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Expect your HP printer to get 0wnz0r3d shortly

Courtesy of Dan Bowman: You may have seen the brief writeup on Slashdot about how to set printers on fire by messing with the fuser, but in Germany next month there’s going to be a security engineer’s nightmare unleashed, courtesy of the HP printer that’s probably sitting a few feet outside your cubicle and mine.

And there’s a whole lot more to it than just messing with the fuser in hopes of killing a printer or (perhaps) starting a fire. There’s a lot more to a printer than toner and a fuser. As the link above says, a printer contains an embedded Linux or Vxworks system that’s trivially easy to install a rootkit on and that nobody’s paying attention to. Seriously, who watches traffic coming from the printer?

The possibilities are endless.
Read More »Expect your HP printer to get 0wnz0r3d shortly

The stunning fall of Mark Hurd

I didn’t believe it when the news broke late Friday that Mark Hurd, CEO of Hewlett-Packard, had suddenly resigned under fire.

Hurd wasn’t flamboyant or a quote machine like many technology CEOs. He just steadily turned HP around, increasing profits, passing Dell in sales of PCs and IBM in sales of servers, and buying companies like EDS and 3Com. He was exactly what investors liked.

In the following days, it turned out there was more to the story.Some people believe the infraction that HP cited for Hurd’s downfall was a cover, that HP wanted him out. The reasons make some sense. The one that resonates with me the most is the logic that Hurd increased profits by squeezing expenses to the bone, slashing the workforce to the minimum, then slashing salaries. Doing more with less, in other words–the mantra of IT during the entire previous decade.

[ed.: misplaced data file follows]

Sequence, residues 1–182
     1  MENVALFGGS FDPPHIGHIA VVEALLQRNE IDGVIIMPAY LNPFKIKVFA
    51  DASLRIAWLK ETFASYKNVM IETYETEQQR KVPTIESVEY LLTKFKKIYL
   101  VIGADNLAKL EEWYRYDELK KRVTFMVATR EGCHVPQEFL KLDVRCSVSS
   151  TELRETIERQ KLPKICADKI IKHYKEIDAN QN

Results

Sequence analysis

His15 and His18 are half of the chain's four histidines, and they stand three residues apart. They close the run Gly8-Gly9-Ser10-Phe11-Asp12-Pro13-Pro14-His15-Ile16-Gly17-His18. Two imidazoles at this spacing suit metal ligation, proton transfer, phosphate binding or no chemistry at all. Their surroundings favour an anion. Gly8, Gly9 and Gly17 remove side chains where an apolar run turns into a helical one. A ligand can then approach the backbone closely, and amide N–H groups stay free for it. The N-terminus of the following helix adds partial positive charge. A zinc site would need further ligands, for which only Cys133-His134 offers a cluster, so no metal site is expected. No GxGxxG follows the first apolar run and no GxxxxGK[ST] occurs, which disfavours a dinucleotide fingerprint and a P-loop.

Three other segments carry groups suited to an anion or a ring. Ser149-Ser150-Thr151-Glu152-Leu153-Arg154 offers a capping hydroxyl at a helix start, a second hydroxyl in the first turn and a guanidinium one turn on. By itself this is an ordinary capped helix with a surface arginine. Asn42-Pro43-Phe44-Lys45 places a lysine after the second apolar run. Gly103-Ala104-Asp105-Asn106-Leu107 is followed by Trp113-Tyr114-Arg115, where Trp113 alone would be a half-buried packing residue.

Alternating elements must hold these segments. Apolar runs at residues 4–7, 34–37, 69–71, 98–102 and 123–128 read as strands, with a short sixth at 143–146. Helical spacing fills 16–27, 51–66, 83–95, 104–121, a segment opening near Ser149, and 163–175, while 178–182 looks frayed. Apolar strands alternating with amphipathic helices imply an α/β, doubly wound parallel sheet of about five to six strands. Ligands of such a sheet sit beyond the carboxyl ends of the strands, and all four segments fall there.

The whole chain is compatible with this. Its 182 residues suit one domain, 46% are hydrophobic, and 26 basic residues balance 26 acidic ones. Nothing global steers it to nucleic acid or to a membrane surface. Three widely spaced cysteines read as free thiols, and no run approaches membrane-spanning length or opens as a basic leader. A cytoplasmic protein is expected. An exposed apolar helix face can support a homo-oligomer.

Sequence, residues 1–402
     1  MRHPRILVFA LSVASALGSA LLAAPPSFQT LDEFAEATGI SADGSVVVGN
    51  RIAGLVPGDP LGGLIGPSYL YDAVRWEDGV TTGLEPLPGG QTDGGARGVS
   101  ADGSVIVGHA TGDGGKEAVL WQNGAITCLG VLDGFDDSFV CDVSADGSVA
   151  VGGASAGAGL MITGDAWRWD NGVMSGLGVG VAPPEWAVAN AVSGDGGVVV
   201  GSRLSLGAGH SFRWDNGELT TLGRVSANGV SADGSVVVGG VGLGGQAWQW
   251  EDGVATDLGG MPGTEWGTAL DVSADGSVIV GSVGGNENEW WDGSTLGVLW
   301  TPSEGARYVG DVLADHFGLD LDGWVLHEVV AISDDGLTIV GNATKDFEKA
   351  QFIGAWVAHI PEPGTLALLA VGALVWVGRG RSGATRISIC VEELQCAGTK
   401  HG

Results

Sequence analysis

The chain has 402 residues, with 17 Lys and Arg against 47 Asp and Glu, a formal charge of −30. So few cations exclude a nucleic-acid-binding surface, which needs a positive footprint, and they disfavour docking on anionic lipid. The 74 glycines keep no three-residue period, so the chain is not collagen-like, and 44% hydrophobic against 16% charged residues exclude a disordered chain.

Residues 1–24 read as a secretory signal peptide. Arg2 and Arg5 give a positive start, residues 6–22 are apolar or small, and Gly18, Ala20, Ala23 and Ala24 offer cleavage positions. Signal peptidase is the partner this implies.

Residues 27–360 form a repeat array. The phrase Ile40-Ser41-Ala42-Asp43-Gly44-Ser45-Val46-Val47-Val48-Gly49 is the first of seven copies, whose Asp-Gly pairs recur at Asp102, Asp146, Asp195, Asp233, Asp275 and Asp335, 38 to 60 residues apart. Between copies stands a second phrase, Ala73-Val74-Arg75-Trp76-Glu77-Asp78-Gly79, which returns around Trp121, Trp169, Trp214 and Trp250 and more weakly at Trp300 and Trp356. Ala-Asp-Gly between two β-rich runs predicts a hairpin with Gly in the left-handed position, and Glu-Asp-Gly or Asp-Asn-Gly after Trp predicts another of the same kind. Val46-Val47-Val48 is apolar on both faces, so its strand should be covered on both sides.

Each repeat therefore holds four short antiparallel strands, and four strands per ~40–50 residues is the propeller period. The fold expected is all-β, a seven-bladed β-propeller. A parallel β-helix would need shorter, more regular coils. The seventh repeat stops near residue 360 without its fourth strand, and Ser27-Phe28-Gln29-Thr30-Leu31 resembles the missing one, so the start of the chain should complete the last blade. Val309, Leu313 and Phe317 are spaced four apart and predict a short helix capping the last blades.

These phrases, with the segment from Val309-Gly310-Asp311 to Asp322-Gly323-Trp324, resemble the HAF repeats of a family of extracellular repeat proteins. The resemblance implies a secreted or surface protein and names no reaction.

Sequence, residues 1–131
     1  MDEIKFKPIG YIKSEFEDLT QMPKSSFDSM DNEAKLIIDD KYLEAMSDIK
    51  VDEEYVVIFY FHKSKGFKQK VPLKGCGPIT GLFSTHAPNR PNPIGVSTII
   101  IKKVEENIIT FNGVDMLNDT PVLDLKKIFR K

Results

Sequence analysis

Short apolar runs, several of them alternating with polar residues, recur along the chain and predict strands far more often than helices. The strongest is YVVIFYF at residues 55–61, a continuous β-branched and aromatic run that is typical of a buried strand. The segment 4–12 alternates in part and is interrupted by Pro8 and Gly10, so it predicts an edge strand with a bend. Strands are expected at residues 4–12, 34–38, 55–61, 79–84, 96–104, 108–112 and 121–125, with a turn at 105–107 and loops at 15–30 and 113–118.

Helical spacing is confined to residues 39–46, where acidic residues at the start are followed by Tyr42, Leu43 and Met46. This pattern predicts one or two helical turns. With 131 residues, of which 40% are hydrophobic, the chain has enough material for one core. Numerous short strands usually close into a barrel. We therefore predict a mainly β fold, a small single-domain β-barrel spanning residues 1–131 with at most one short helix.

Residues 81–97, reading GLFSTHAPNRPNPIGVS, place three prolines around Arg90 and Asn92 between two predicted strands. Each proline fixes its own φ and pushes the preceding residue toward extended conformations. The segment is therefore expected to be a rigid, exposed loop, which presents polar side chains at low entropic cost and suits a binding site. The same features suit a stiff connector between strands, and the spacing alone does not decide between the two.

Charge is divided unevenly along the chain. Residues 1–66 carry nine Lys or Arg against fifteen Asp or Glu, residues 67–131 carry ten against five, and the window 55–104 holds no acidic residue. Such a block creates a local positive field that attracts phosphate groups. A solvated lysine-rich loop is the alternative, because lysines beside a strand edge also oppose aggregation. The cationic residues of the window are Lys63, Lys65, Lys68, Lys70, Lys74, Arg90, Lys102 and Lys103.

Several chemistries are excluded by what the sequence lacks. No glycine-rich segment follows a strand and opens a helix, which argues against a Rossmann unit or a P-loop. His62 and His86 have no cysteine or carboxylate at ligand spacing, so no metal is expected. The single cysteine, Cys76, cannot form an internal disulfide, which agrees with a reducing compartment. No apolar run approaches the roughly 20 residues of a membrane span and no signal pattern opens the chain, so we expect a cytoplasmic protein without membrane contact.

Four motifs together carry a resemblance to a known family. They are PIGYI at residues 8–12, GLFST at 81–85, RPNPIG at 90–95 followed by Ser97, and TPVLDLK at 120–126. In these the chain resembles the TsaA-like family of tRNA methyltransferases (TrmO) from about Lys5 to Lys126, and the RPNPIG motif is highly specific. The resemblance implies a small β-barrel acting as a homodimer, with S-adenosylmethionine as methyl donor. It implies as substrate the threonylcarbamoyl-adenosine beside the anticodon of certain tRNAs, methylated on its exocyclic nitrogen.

The result? Record numbers of applications from HP employees at competitors. So far, no Steven Slater-style meltdowns, but when demanding more and more while paying less isn’t a good long-term strategy. The Slater story brought attention to this problem and got people talking about it, and it looks like HP may have been a few days ahead of the curve on that.

Other accounts have said employees don’t like working for Hurd and he’s unpleasant toward him. Which lead to some defenders questioning when "being nice" was a job qualification for a CEO.

Well, five years ago I was consulting for a Fortune 500 company. I stepped onto an elevator, and the company CEO stepped on right after me. He extended his hand, introduced himself, and asked me my name, what department I worked in, and what I did there. It was a 30-second exchange.

He stepped off the elevator and literally never saw me again. I don’t know whether he forgot about me the moment I stepped off the elevator, or if he jotted down a note that if he needed a printer fixed he could call Dave Farquhar and filed it away. But unlike a certain very famous CEO, he gave me no reason to fear sharing an elevator ride with him.

And I do think an important qualification of being a CEO is knowing who to call when they need something done quickly and done right. Being friendly is conducive to that. Being ruthless at all times is not. Even Genghis Khan and Attila the Hun knew when to be kind.